Adam Sandler & Seth Rogen in Funny People
Adam Sandler & Seth Rogen
"Funny People" is 50 percent good and 50 percent close.
I am a large, large fan of screenwriter Judd Apatow's previous directorial efforts, "The 40-Year-Old Virgin" and "Knocked Up," which are commercial as all get-out but non-formulaic and side-trippy enough to be interesting. Most of Apatow's characters think, talk and one-up each other like L.A. comedy writers, whatever they do for a living; in "Funny People" the characters are comedians.
The film finds Apatow digging into the question of what makes these charismatically desperate guys (and the too-occasional female) do what they do, and what the need to slay, every second, means when it comes to coexisting on the same planet with others. "Funny People" is also an attempt by Apatow to reconcile the huge success he has become with the up-and-comer he once was. The results run an increasingly exasperating 2.5 hours. All the same, the work has some life to it -- not necessarily directorial life (Apatow's pretty stodgy in that department), but in its ensemble expertise.
Comic turned movie star George Simmons, played by Adam Sandler, leads a fabulous life but not a full one. Emotionally he's numb (we hear of a rough childhood and a lifelong attempt to win his father's approval), gliding through bantamweight affairs with pliable one-offs. George regrets above all that he cheated on the one who got away, played by Apatow's wife, Leslie Mann, married with children in Marin County, Calif.
George receives bad news early in "Funny People," in the form of a rare strain of leukemia. The clock ticks. He must change his ways and reconnect with those he has sealed off from his life. George's new assistant and "additional material" man, a struggling L.A. comic played by Seth Rogen, acts as his apprentice, his sounding board and his punching bag.
The sections of this picture that come most easily to Apatow remind you of similar scenes in "Virgin" and "Knocked Up." Rogen's Ira Wright is the pullout-couch-roommate of a fellow comic played by Jonah Hill, a long, ingratiating way from his manic-motormouth "Superbad" mode. Their pad also houses an actor (Jason Schwartzman) who has scored the lead in an appalling sitcom called "Yo Teach." As relationally clueless offstage as he is eager to discuss his masturbatory habits onstage, Ira is sweet on a fellow comic played by Aubrey Plaza (too small a role for such a promisingly dry actress).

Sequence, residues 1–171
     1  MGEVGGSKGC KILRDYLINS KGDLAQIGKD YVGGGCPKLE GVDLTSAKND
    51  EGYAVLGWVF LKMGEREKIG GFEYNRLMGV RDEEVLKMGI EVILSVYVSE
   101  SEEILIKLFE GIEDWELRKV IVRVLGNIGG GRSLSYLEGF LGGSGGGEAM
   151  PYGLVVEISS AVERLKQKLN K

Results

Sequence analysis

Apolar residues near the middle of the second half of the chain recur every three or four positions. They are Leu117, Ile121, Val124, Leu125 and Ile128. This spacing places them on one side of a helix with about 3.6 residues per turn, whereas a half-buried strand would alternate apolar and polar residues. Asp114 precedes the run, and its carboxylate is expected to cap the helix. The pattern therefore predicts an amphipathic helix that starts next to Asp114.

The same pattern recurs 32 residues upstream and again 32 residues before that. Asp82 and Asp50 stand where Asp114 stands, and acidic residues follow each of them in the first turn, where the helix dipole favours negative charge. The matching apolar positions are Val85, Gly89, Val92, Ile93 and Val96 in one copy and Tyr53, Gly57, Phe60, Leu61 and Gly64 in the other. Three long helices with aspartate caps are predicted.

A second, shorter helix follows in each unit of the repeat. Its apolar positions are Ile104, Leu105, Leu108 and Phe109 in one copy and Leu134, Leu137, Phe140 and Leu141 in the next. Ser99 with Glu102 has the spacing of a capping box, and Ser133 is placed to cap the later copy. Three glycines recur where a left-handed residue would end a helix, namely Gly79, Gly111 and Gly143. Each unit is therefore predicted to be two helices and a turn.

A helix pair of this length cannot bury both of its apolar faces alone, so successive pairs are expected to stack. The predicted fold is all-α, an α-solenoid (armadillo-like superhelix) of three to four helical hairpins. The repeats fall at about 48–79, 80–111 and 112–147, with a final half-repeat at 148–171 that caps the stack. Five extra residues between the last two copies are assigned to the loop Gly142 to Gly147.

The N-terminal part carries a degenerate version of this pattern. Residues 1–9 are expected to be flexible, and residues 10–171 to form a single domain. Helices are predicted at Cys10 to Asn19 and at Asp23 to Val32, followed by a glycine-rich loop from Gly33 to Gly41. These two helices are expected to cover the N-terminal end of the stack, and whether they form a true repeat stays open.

For every familiar joke about the menacing brand of English spoken by a Scandinavian doctor (Tortsen Voges), there's an unexpectedly fruitful one-liner concerning, for example, "Mr. Belvedere." The film comes dangerously close to stalling, however, once George and Ira visit George's ex, stuck in an untrustworthy marriage (Eric Bana plays Mann's husband). By the time Ira implores "Can we just go?" you feel the same way.
The cast includes cameos from half of the world of comedy (Ray Romano, Sarah Silverman, Paul Reiser, etc.). Sandler and particularly Rogen are up to the limited dramatic and comic challenges they're given. Next time, though -- and anyone with "Virgin" and "Knocked Up" on his three-film resume makes you eager for what's next -- I'd like to find out what Apatow really thinks of the comedy world and the comedy psyche, and of passive-aggressive mixed blessings like George. Warts and all. "Funny People" is oddly wart-free.
"Funny People" Movie Trailer
Funny People MPAA rating: R (for language and crude sexual humor throughout, and some sexuality).
Running time: 2:26.
Starring: Adam Sandler (George Simmons); Seth Rogen (Ira Wright); Leslie Mann (Laura); Eric Bana (Clarke); Jonah Hill (Leo Koenig); Jason Schwartzman (Mark Taylor Jackson).
Written and directed by Judd Apatow.
Produced by Apatow, Clayton Townsend and Barry Mendel.
A Universal Pictures release.
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